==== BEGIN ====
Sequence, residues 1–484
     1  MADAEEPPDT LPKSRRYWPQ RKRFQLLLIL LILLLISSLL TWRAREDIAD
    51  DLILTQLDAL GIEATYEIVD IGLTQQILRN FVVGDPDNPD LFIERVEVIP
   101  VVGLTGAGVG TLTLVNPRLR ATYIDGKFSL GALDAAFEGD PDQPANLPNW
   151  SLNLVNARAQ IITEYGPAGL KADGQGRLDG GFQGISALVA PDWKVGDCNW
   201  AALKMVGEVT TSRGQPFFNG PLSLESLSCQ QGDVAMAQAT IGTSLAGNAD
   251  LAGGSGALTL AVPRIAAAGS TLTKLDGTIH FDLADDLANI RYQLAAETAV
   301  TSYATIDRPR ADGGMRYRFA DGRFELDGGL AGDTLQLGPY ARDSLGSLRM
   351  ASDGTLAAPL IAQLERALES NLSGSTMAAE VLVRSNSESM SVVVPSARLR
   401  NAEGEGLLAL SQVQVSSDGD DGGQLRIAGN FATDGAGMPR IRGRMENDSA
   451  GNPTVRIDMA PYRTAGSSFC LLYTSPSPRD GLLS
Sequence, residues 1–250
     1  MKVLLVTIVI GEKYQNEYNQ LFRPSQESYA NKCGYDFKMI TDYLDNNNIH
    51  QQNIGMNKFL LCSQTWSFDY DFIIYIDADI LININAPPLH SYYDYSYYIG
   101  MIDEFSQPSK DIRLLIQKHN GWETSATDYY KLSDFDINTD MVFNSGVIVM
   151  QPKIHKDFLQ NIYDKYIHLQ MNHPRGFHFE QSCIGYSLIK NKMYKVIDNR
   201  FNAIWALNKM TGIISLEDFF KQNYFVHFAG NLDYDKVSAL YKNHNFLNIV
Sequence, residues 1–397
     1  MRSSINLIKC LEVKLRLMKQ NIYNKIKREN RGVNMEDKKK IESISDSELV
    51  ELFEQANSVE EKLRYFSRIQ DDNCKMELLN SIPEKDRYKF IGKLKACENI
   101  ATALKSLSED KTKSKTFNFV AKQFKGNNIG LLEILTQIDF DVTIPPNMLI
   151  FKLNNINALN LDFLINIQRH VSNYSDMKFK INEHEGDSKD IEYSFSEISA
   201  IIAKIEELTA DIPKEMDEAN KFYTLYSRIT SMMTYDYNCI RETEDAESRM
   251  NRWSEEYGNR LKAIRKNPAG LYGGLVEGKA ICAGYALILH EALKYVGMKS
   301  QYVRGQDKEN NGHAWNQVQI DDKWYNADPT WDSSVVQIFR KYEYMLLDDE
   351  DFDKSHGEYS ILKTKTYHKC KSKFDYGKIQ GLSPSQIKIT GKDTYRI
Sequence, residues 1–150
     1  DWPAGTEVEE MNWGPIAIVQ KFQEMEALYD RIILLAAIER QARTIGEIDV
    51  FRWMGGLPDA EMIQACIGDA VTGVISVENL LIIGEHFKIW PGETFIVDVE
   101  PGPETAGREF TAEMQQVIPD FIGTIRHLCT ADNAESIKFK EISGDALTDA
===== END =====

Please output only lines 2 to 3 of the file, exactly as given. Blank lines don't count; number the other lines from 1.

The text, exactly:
     1  MADAEEPPDT LPKSRRYWPQ RKRFQLLLIL LILLLISSLL TWRAREDIAD
    51  DLILTQLDAL GIEATYEIVD IGLTQQILRN FVVGDPDNPD LFIERVEVIP